Robert Redford truly is the star of this picture, not just from giving a seriously great performance that ranks among his very best in recent years, but also from turning his charm and likeability up to eleven that really makes you want to fall in love with this guy, no matter what gender or sexuality you are. He simply oozes charisma as this guy, who’s clearly found something that he loves doing and makes him happy, despite its obvious illegalities, but he does it in such a polite and charming manner that everyone can’t help but admire him for his manners. At one point, while he’s with a bank teller who’s crying because it’s her first day, he’s quick to cheer her up and tell her that she’s doing a great job so far – even though he’s the one that’s forcing her to hand over the money. Outside of his bank robbing, he spreads his optimism to everyone around him, including his criminal associates in scenes where they’re just sitting and reminiscing about old memories (an entire sequence is just of Tom Waits telling a funny story that ends with him saying why he doesn’t like Christmas), and Sissy Spacek who he shares fantastic chemistry with and is also great on her own terms here. Seriously, the little quips and one-liners he shares with her makes me feel like I want to marry this guy, and I’m not even gay in the slightest; that’s how powerful Robert Redford’s charm is in this, and it’s a more than fitting curtain bow to a screen legend that reminds us all here as to why he became legendary in the first place.

The movie as a whole is a lot of fun, and very entertainingly constructed and executed by David Lowery, who’s a filmmaker that seems to easily switch between experimental films – which is a category that Ain’t Them Bodies Saints and A Ghost Story certainly fall under – and audience-friendly fare, which is a description that Pete’s Dragon and now The Old Man & The Gun definitely match. He and cinematographer Joe Anderson give this film the look of a grainy, shot-on-film aesthetic that makes it feel like it came directly out of the late 70s or early 80s, while he and editor Lisa Zeno Churgin lend it a gentle, mellow pace that allows you to soak in all the details of this enjoyable folk story, including the sub-plot that sees Affleck’s cop go on a nice little arc where he goes from wanting to catch this guy to truly respecting his way of life, which fits well into the overall narrative in the movie, even though its one downside is that it prevents us from showing Redford on screen some more. You can tell that this filmmaker is so passionate about this story and this main character, because he injects the same amount of niceties and genuine warmth that Forrest Tucker exhumes into the very nature of the film itself, if only to make sure that the film as a whole represents the raw and even inspiring personality of a friendly guy who just happens to rob banks. It’s an easy, undemanding watch that you’re bound to have plenty of fun with, whether it’s just watching Redford and his friends just relax and be their natural selves, or admiring the soulful and passionate filmmaking that has gone into this real treat of a movie.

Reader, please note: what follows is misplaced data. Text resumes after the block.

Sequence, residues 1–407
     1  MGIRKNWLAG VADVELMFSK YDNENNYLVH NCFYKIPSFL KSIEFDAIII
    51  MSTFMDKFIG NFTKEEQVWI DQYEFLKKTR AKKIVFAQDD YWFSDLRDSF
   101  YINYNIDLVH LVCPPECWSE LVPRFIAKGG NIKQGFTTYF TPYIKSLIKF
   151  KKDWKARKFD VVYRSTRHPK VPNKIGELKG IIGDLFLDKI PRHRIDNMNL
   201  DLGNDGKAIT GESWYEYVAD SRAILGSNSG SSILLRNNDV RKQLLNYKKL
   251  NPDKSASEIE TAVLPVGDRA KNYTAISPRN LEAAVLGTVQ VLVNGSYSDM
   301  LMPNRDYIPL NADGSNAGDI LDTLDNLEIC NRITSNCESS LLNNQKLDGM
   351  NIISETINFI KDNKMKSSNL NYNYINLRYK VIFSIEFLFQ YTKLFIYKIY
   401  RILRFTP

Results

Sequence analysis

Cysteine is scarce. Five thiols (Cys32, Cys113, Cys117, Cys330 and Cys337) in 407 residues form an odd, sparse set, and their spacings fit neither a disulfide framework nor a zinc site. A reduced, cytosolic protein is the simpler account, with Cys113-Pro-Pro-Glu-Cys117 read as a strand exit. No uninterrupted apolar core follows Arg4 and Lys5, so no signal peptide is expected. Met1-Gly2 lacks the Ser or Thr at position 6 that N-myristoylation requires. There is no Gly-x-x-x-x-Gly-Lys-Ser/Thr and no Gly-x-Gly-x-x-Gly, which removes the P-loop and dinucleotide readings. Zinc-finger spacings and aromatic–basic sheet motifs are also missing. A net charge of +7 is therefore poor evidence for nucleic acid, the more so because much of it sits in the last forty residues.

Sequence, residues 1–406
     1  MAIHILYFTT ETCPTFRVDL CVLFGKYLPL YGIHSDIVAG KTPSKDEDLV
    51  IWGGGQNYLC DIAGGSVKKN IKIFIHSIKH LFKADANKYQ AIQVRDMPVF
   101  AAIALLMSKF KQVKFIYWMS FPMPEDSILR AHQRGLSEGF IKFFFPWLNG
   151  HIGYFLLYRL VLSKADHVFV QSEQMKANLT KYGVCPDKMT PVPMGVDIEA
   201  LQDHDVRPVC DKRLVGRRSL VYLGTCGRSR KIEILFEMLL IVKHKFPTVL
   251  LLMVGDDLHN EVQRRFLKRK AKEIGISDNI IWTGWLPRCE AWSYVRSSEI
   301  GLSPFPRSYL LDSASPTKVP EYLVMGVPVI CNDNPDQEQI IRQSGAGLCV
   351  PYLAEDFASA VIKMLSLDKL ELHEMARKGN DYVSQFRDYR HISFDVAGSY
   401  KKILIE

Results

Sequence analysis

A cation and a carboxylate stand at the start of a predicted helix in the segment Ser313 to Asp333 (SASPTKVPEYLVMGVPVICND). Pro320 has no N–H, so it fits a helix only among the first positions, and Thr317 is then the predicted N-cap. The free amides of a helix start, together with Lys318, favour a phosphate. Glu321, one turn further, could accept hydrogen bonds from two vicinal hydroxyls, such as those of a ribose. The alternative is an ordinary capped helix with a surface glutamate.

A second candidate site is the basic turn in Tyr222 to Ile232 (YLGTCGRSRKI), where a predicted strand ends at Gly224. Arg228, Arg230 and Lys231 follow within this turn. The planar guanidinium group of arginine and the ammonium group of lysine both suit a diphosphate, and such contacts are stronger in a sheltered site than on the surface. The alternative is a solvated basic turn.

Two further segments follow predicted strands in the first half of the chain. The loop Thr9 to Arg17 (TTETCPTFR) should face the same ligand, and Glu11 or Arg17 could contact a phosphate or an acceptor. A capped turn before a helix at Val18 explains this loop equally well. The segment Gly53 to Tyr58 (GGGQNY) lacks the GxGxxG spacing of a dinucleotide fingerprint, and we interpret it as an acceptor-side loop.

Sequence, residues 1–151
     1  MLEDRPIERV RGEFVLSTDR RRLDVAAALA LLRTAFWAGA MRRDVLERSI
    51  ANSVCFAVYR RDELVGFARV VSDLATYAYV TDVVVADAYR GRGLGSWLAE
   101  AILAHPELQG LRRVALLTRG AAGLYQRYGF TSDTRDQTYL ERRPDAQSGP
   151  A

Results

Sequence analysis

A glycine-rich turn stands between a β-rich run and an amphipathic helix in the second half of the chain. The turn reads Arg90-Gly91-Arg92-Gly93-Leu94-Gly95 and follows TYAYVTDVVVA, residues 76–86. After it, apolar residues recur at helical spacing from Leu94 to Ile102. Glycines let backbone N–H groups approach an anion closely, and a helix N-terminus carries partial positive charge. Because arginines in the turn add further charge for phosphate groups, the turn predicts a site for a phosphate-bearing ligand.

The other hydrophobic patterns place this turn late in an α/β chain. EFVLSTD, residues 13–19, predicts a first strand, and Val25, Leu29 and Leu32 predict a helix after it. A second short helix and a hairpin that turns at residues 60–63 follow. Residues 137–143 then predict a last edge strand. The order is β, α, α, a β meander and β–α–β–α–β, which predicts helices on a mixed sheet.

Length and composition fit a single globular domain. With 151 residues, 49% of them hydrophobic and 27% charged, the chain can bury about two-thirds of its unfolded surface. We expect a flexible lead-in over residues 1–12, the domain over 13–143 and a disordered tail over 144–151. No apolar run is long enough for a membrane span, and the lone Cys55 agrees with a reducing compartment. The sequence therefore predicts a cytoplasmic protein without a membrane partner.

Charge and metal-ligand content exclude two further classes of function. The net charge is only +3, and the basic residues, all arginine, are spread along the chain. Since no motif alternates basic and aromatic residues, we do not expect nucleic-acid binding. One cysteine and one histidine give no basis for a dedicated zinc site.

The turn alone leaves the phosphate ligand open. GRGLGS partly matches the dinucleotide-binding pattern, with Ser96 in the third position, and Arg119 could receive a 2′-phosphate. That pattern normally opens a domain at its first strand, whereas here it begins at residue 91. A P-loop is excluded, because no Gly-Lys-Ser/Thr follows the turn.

But once again, it comes as a sobering reminder that Redford does intend for this to be his final acting role, after years of delighting audiences as the true movie star that he is. Whether or not he’ll stay retired is anyone’s guess, because if his performance in The Old Man & The Gun is anything to go by, he’s still got that fire burning deep within him, and it doesn’t look to be going out anytime soon.


The Old Man & The Gun is an extremely pleasing and very well-made crowd-pleaser that serves as a fantastic platform to showcase the amazing and endlessly charismatic talents of a retiring Robert Redford.